‘He married many women, and had intercourse with even more without any legal sanction; yet it was not that he had any need of them himself, but simply that he wanted to imitate their actions when he should lie with his lovers and wanted to get accomplices in his wantonness by associating with them indiscriminately. He used his body both for doing and allowing many strange things, which no one could endure to tell or hear of; but his most conspicuous acts, which it would be impossible to conceal, were the following. He would go to the taverns by night, wearing a wig, and there ply the trade of a female huckster. He frequented the notorious brothels, drove out the prostitutes, and played the prostitute himself. Finally, he set aside a room in the palace and there committed his indecencies, always standing nude at the door of the room, as the harlots do, and shaking the curtain which hung from gold rings, while in a soft and melting voice he solicited the passers-by.’
This particular extract suggests that while Elagabalus married and indeed had sex with women, this was only so that they could learn how women acted, in order to replicate this with male partners, which would imply that they were homosexual. In terms of gender identity, Elagabalus’ habit of playing a female prostitute to solicit men shows a rejection of traditional Roman male identity, wherein men (especially those of rank) were seen as weak and effeminate if they allowed themselves to be penetrated by other men. Elagabalus was also known to have married a man, the charioteer and former slave Hierocles, and they loved being referred to as Hierocles’ wife or mistress. The emperor is also reported to have frequently worn wigs and makeup, preferred to be called ‘domina’ (lady) over ‘dominus’ (lord), and even offered vast sums of money to any physician who could give them a vagina. In one particular anecdote, Dio wrote that Elagabalus asked one of the Praetorian Prefects what the most painful method of removing their male genitals would be, and offered the man money to do it. It is because of reportings such as these that Elagabalus is believed by some modern historians to have been transgender, as it seems clear that they preferred being seen as a woman, and even sought to physically become one, however the extent to which Dio’s writings can be trusted is also a cause for debate. Dio wrote most of his Roman History after Elagabalus was already dead and disgraced, and it is common in Roman histories to see unpopular emperors slandered and have aspects of their reign negatively exaggerated to fit the current regime’s status quo. To that end, Elagabalus is referred to as ‘A tragic enigma lost behind centuries of prejudice’ by historian Warwick Ball.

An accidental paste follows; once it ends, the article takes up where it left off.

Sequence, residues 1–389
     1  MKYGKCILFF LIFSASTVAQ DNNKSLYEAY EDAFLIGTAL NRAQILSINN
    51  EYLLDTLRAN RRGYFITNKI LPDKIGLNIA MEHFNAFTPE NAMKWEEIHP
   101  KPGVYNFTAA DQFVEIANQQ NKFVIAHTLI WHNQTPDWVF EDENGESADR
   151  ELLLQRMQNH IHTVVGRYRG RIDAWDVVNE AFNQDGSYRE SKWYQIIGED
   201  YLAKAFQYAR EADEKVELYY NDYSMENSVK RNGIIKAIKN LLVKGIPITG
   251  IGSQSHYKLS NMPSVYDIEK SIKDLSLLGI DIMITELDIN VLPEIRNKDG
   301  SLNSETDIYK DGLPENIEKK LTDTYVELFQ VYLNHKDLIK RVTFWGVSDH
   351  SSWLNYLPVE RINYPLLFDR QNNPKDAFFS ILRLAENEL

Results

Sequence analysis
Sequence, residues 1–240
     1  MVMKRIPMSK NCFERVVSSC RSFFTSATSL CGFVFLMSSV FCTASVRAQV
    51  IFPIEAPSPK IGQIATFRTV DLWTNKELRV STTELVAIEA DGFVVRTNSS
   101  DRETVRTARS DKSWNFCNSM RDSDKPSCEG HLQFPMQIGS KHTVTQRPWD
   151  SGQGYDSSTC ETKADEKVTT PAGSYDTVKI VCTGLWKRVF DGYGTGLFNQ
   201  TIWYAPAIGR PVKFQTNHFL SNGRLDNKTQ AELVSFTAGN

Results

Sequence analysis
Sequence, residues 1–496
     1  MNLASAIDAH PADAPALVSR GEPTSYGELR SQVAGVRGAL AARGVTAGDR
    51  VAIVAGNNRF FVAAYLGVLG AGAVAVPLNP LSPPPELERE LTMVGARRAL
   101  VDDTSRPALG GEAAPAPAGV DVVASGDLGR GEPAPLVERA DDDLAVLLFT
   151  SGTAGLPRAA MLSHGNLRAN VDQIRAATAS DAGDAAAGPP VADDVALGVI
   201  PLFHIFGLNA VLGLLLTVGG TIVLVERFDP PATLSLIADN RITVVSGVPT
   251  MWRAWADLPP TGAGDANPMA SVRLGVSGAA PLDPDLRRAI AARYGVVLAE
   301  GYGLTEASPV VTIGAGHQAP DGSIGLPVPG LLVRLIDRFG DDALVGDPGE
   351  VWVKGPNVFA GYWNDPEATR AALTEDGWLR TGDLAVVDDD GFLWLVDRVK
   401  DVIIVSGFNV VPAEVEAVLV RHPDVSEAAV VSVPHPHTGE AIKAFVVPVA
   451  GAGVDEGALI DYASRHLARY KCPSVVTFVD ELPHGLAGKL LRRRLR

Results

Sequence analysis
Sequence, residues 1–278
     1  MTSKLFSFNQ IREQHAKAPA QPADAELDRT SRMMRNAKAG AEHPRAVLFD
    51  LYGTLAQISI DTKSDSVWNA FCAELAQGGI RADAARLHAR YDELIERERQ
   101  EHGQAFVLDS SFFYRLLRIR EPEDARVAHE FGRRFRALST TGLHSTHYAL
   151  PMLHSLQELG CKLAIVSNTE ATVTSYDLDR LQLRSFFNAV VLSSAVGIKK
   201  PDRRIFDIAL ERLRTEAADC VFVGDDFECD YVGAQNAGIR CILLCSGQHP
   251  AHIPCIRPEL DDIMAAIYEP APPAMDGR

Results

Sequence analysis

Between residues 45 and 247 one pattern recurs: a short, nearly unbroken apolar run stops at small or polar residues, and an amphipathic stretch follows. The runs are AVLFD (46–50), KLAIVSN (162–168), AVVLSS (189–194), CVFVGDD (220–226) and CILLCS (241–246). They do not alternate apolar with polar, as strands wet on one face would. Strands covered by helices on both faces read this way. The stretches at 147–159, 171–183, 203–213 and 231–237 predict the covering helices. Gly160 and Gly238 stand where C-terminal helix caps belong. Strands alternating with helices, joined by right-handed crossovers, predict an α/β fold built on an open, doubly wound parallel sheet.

Elagabalus’s religious policies and general eccentricities severely alienated the Praetorian Guard. Fearing a coup, Elagabalus’ grandmother arranged for her other grandson and Elagabalus’ cousin, Severus Alexander to take imperial power in 222. The Praetorian Guard murdered Elagabalus and their mother, decapitated their bodies, and threw them in the River Tiber. Elagabalus was just 18.
For more, see Book 80 of Cassius Dio’s Roman History, Martijn Icks’ The Crimes of Elagabalus: The Life and Legacy of Rome’s Decadent Boy Emperor, and Andrew Scott’s Emperor’s and Usurpers: A Historical Commentary on Cassius Dio’s Roman History.
Thanks to Ollie Burns!